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Kim Voynar

By Kim Voynar Voynar@moviecitynews.com

Review: !Women Art Revolution

Quick! Can you name three women artists?

I’m taking a brief break from my immersion in SIFF films to talk to you about !Women Art Revolution, a compelling documentary that opens today in NYC, which explores the dawning of the feminist art movement through archival footage and spontaneous interviews gathered by director Lynn Hersham Leeson over 40 or so years. And even if you think you know everything there is to know about feminism and art, I can pretty much guarantee you will learn something you didn’t know watching this film.

This film is timely and relevant, not only to women in art and film, but in the way those issues cross-pollinate to other areas of women’s lives; in fact, I would argue that there are very few areas in which gender relations do not impact your life, and yours, and yes, even yours. Even if you’re a feminist studies professor, even if you’re a female artist or film director or writer. Even if — perhaps especially if — you are a conservative fundamentalist Christian wife and mother and “helpmeet” living out a traditional, patriarchal gender role in the heart of the Republican Midwest.

The feminist art movement — and the women at the center of it — challenged assumptions about gender roles and the place of women in the world of art, which was (and still is to a large extent) controlled and determined by men. Leeson captures the rise of the feminist art movement in the United States, which was birthed, not coincidentally, with the civil rights movement, the Black Panthers, Berkeley, Kent State, Vietnam War protests, free love, Roe Vs. Wade, and a rising divorce rate. Because, as many of the women interviewed herein attest, as they became more enlightened into the role gender plays in determining societal place, it often became necessary for them to end their marriages in order to reinvent themselves as feminist women.

With conservative politicians, preachers and pundits deriding the feminist movement as a significant cause of the rise in divorce rate and subsequent “decline of the American family,” it’s absolutely imperative that positive messages about female empowerment and gender disparity are seen and heard.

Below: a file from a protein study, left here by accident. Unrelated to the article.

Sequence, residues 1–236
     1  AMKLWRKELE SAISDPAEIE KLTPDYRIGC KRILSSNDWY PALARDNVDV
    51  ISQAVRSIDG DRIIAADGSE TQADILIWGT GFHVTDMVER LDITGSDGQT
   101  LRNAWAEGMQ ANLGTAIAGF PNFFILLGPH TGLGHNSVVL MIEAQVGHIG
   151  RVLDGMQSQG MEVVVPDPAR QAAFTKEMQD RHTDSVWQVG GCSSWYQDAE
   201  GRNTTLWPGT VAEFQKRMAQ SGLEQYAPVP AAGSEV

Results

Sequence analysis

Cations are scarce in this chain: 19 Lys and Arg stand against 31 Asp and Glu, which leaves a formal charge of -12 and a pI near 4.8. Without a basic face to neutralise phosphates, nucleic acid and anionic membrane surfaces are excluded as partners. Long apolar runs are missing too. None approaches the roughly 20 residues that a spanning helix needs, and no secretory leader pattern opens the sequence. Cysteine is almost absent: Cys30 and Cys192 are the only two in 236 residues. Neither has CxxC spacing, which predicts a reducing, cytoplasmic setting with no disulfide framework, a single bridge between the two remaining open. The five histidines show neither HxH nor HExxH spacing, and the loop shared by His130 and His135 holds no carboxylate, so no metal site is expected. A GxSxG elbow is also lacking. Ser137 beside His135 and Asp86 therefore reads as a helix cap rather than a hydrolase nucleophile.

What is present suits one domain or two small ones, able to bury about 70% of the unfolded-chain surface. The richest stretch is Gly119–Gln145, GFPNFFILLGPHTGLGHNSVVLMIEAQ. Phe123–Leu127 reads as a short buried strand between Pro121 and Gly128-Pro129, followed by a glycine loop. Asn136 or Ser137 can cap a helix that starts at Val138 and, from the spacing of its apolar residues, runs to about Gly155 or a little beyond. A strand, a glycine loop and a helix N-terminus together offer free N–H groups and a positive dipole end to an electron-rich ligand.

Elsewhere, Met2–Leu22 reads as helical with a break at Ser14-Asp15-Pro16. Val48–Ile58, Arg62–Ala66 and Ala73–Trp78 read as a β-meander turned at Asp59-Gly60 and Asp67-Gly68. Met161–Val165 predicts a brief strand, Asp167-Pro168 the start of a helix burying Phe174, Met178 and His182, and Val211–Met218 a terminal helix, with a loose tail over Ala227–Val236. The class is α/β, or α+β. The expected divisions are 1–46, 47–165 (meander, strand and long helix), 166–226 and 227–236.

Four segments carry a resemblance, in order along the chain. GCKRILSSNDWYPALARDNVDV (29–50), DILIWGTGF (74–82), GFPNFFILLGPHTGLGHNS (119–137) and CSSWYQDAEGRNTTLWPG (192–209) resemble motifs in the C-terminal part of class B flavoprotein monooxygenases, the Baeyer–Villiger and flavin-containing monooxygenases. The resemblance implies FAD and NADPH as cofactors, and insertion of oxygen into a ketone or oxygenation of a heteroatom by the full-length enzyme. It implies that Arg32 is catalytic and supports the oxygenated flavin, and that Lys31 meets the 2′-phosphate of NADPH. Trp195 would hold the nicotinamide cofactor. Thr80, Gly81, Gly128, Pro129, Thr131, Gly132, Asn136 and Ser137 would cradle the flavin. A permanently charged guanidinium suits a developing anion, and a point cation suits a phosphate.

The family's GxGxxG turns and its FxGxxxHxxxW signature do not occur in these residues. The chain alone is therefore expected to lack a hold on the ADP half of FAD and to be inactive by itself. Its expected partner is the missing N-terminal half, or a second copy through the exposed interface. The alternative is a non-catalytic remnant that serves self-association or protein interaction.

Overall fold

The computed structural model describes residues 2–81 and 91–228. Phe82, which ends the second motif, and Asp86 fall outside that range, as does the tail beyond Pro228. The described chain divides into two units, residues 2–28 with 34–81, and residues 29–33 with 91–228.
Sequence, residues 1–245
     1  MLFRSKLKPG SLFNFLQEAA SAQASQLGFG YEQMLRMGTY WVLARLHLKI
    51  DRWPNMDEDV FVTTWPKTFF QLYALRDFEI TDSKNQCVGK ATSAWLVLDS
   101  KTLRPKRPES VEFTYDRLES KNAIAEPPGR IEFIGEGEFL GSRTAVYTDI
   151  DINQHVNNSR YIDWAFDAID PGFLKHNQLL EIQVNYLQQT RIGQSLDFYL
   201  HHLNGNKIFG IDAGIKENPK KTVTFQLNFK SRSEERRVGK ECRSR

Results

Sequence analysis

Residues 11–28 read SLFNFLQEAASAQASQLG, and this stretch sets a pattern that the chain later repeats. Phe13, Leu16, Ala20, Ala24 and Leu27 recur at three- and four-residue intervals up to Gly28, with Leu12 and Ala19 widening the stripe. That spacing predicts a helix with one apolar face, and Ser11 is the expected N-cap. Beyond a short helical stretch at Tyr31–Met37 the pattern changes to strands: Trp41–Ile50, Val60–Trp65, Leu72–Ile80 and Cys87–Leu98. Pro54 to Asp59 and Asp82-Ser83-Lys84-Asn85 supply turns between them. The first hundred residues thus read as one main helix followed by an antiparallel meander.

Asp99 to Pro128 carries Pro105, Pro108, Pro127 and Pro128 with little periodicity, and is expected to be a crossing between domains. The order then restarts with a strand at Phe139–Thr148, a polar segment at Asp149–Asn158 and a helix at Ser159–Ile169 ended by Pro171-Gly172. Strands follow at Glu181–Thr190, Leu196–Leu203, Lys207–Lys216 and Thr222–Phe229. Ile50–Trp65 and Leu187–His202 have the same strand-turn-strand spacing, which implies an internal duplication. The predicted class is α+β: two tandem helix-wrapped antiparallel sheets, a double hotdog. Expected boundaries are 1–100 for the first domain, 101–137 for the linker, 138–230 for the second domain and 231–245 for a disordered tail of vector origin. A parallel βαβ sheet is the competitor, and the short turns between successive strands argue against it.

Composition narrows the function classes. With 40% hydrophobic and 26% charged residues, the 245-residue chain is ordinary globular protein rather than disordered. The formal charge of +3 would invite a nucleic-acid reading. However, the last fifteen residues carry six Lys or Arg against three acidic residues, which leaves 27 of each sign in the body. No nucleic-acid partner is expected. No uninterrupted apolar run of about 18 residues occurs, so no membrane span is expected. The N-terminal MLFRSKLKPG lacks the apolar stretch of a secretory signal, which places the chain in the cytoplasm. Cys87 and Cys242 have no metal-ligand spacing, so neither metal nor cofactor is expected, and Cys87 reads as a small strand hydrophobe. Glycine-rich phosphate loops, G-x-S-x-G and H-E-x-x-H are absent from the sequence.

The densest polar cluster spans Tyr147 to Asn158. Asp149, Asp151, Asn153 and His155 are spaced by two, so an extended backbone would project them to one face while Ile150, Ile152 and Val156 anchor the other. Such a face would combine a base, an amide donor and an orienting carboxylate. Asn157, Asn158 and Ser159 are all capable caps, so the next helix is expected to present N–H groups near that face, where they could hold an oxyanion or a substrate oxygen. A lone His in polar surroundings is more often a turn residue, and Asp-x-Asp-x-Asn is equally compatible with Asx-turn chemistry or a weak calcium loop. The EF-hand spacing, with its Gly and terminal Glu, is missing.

Gender issues affect everything from how much women are paid in comparison to men for doing the same work; to whether a woman with children will get passed over for a job in favor of a male colleague; to whether your daughter will receive the same attention and subtle messages of disempowerment from the teachers who will have charge over her for a significant percentage of her waking hours throughout her childhood; to bullying in schools and on playgrounds; to human sex trafficking; to the harrowing statistics for rape both her in the US, where (according to the Department of Justice) a woman is raped every TWO MINUTES; to rape as a weapon of war throughout the world.

Gender equality and the feminist movement of the 1960s and 1970s are the cornerstone out of which the feminist art movement grew; unfortunately, the issues raised through the history traced in !Women Art Revolution are as relevant in 2011 as they were in 1970. We may have come a long way, baby … but we’ve not come nearly far enough.

!Women Art Revolution has the distinction of having played at Toronto, Sundance and Berlin and opens today at New York City, with screenings nationwide coming your way. Check it out — it’s even coming to Oklahoma City (no doubt thanks to my friend Brian Hearn, who curates at the OKC Museum of Art). If it’s coming to your town, go, go, GO and see it. Bring your teenage daughters and sons, or get together with a pack of smart, creative types and get inspired.